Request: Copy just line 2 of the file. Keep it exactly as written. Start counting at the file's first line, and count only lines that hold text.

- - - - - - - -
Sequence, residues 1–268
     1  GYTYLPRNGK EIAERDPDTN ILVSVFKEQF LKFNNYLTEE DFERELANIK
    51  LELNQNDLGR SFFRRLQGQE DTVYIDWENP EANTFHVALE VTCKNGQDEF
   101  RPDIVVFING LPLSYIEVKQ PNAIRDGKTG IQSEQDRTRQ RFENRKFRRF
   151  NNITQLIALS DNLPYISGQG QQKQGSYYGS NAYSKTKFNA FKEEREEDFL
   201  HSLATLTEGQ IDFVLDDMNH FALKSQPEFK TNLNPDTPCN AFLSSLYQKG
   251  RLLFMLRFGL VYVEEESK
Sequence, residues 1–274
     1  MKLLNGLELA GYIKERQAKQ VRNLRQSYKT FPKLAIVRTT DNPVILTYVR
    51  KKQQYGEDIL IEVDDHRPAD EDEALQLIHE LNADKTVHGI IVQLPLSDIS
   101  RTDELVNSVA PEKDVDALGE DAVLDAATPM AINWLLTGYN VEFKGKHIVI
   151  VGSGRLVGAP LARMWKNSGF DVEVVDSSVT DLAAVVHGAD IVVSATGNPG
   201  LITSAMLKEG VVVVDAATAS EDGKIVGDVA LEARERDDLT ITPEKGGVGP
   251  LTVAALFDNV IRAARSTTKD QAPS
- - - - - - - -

     1  GYTYLPRNGK EIAERDPDTN ILVSVFKEQF LKFNNYLTEE DFERELANIK